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Rethinking the United Nations

Last Saturday, Russian troops marched into the Crimea, a Russian-speaking region of the now-unstable Ukraine, and it looks unlikely that they will stop there. Odessa is another Russian-speaking part of Ukraine that Vladimir Putin has his eye on, and Putin has done very little to disguise his ambition for empire. The unapologetic and belligerent nature of this invasion has inspired an emergency convening of the United Nations Security Council, at which member nations will discuss possible recourse. But it is my view that the time has come for the Security Council to be revolutionized.

It is not hard to imagine a new era in international relations: Cold War II. Our recent skirmishes in the desert and the guerilla armies of our opposition would be reduced to historical memory. The rise of a new despot in Russia, the emergence of China as an economic power and the old alliance of those nations left over from the Soviet Era could mean a powerful new international enemy for the United States and her allies. These two nations — the most likely future violators of international law — are permanent members of the U.N. Security Council and each holds an unimpeachable veto for any and all internationally sanctioned military action.

Moreover, when I write “international law,” I use a resoundingly regrettable term. There is no international law. The United States is often accused of being the “world police,” or of waging “unlawful, unilateral military campaigns,” but these unfortunate arrangements are de facto requirements of the U.N. The Security Council was originally made to be slow to action; fresh from the wounds of WWII, we wanted a system wherein only the most resolutely justified military actions are sanctified by international agreement. Accordingly, Russia, China, France, the U.K. and the U.S. were all given absolute veto power on any matters involving the use of force. But the problem is this: Russia and China see the West as their arrogant competitors for dignity. They oppose the Western position almost 100 percent of the time, even on matters where they have no apparent stake in the outcome (in Syria, for instance). This means that international law has no enforcement mechanism, because every time the Security Council brings forward a vote, there will be at least two nations willing to veto. The only possible enforcement left for crises are unilateral actions, particularly on the part of the United States, whose military is strong enough to act alone. And so, while the well-intentioned diplomats of the postwar period were wise to want a system slow to action, they were foolish to create a system that never moves to action at all.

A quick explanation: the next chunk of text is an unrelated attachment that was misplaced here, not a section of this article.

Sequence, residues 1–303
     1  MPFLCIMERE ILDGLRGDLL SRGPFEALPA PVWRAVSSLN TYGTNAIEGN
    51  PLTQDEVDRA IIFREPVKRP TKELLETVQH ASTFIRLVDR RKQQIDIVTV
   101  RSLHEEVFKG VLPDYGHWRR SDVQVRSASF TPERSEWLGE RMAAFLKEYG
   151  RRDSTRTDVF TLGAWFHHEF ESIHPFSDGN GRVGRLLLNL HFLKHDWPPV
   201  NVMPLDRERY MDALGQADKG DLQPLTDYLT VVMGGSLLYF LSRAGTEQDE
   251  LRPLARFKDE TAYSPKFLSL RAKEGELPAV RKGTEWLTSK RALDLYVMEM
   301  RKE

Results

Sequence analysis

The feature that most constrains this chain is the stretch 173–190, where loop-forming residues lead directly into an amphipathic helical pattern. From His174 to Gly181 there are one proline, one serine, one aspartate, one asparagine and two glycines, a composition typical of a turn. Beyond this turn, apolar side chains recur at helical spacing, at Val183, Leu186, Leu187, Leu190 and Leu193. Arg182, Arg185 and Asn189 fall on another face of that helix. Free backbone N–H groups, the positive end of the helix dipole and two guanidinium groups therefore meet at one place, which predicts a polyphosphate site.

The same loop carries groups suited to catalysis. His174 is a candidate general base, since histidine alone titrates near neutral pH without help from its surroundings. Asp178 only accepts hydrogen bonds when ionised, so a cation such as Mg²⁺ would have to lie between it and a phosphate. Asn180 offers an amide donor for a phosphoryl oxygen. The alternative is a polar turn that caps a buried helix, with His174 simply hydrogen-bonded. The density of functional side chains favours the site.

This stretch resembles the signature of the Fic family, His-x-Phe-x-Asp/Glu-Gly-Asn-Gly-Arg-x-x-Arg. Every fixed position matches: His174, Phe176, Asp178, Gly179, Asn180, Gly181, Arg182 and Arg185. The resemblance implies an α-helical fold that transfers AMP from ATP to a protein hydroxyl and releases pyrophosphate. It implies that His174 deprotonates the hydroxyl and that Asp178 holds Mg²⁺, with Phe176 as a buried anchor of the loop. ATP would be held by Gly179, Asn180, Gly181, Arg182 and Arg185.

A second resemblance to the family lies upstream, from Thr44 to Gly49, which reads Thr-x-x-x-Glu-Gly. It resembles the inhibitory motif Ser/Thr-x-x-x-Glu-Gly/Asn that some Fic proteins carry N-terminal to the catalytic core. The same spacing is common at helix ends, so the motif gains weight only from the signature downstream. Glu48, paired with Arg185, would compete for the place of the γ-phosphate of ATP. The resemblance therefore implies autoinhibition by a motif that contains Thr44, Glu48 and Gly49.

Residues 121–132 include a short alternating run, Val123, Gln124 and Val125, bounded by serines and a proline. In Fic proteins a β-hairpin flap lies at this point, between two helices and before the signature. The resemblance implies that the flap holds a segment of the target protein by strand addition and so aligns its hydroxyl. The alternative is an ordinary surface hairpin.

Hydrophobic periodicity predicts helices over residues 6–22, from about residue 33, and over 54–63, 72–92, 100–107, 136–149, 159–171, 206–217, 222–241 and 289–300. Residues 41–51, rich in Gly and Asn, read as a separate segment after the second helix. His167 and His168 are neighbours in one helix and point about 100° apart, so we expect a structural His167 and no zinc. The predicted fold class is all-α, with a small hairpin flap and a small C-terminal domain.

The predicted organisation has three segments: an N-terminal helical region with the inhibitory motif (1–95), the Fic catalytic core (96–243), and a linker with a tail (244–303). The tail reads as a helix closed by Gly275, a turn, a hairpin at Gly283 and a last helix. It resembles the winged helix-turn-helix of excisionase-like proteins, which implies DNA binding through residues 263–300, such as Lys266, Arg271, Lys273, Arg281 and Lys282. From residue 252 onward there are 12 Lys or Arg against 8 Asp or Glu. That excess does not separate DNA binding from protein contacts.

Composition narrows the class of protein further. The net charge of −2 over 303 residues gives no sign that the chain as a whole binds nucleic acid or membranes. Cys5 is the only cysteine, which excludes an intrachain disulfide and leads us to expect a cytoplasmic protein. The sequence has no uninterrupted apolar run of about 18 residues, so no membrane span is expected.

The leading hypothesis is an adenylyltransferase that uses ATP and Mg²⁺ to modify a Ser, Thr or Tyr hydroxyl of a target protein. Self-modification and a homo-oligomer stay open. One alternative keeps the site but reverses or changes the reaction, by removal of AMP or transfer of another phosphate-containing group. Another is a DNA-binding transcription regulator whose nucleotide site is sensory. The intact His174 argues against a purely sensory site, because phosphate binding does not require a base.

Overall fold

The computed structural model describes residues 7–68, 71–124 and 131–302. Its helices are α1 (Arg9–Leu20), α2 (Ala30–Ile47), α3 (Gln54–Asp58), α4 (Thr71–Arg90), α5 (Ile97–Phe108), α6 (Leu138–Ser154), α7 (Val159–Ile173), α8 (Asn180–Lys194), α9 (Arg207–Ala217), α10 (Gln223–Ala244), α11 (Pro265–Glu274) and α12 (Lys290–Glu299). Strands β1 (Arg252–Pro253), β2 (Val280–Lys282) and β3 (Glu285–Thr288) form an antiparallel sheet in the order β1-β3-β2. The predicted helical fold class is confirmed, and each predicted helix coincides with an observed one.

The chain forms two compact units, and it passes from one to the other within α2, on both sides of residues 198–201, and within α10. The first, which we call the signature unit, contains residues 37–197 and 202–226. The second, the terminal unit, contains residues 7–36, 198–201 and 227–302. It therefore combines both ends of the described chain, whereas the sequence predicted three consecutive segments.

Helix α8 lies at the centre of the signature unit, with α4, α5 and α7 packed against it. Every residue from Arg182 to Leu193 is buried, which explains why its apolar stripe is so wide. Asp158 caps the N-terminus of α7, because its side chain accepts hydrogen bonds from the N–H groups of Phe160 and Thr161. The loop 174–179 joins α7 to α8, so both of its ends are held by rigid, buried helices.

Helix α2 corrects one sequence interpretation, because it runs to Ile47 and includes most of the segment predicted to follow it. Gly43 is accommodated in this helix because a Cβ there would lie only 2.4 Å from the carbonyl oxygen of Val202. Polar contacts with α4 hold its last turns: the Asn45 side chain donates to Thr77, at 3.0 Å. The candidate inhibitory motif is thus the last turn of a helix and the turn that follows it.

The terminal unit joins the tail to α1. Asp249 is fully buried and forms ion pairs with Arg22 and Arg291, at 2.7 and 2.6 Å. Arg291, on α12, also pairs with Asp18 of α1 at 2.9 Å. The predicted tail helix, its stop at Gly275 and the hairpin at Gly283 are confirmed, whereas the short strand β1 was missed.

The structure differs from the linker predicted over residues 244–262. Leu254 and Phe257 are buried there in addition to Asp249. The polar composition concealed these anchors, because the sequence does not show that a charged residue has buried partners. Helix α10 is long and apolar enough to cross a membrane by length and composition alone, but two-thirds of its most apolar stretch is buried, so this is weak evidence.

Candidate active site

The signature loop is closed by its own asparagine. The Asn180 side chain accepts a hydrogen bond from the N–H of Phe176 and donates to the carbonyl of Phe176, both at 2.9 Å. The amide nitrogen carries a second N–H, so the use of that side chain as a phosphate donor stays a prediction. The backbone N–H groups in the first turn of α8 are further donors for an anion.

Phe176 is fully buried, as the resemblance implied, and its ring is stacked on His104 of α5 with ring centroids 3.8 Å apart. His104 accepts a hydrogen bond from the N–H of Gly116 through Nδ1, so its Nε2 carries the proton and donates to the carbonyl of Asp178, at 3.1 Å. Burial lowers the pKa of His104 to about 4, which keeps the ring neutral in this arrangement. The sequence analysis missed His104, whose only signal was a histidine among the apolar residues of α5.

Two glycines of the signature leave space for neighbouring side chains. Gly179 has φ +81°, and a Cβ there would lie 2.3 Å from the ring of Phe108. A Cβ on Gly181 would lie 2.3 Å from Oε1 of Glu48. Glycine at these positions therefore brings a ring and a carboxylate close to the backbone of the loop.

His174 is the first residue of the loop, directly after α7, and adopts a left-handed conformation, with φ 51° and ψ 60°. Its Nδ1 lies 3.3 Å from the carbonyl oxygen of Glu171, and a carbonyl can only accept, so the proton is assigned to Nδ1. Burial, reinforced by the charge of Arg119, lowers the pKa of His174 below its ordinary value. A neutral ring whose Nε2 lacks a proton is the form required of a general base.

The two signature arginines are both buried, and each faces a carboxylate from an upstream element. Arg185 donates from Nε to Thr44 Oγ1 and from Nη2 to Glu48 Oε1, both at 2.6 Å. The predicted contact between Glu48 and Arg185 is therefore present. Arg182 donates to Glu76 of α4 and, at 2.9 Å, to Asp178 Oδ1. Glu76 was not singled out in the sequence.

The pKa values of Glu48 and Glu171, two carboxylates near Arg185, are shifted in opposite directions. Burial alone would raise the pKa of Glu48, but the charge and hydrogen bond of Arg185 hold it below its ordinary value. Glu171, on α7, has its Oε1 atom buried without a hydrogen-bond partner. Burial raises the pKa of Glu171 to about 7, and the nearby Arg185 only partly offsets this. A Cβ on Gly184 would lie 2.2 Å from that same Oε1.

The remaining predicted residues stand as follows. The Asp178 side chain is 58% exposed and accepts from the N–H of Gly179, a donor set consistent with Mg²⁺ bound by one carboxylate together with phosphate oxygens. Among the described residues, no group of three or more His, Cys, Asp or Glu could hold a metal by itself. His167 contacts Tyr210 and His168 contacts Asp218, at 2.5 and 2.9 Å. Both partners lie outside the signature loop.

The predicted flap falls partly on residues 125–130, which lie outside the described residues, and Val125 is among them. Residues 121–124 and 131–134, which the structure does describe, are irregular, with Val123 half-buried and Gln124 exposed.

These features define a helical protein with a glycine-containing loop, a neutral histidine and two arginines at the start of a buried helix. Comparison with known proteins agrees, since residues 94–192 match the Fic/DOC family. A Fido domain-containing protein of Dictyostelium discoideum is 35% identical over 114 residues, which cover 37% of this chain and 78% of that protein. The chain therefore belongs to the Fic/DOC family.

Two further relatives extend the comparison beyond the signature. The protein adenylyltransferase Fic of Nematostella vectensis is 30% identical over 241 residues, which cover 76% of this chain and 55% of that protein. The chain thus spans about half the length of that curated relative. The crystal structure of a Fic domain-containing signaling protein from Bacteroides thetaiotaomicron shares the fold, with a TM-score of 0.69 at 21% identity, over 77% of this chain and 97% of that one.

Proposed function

It seems to me that a fix could be relatively simple. Others who have recognized this problem have gone mad in their theories of reform (postulating ideas like instating an “international army”), but a much more modest proposal seems obvious, at least to me. Let’s forget veto power — it has left international law completely impotent. I think the Security Council would still be slow to action in the case of a majority vote, but not completely abstinent in all international crises, as it is now.

When the Security Council meets this week, lots of strong words will be thrown out by the Western members: France, the U.S. and the U.K. They will threaten sanctions against Russian officials, economic freezes and the like. But I have a horrible feeling that the strong actions will come from the East: the promise to veto any Western encroachment, the promise to remain mobilized in Crimea and the promise to keep eyes on the Ukraine and beyond.

Ben Moss thinks they could have come up with a better title than “Cold War II” … Real original.

A version of this article appeared in the Monday, March 3, 2014 print edition of the Daily Nexus.
Views expressed on the Opinion page do not necessarily reflect those of the Daily Nexus or UCSB. Opinions are primarily submitted by students.
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5 Responses to Rethinking the United Nations

  1. Hans Castorp Reply

    March 5, 2014 at 8:29 am


    Hope you enjoy it when the nuclear missles start flying.

  2. Arafat Reply

    March 4, 2014 at 8:43 am


    America is far from perfect but it’s doing its best to emulate you. (Just kidding)

    America is a flawed country it is a democracy with widely changing worldviews as well as domestic concerns. This is what democracies are like and have always been like.

    We are very imperfect, but I challenge you to name a more perfect Union. A Union that fro three centuries people have lined up and begged to emigrate to.

    I love haters of America like you. You like to compare us to European countries – countries that helped Nazis wipe out the Jews, countries that have been white and Christian for far longer than America. Countries that (uo until recently) had immigration policies that refused blacks or browns from entering their pristine, socialist enclaves.

    You, Anon, are a typical liberal with both your feet firmly planted in the air. Your grasp of the real world is about as tight as Stalin’s grip was on the true meaning of socialism.

  3. anon Reply

    March 3, 2014 at 2:29 pm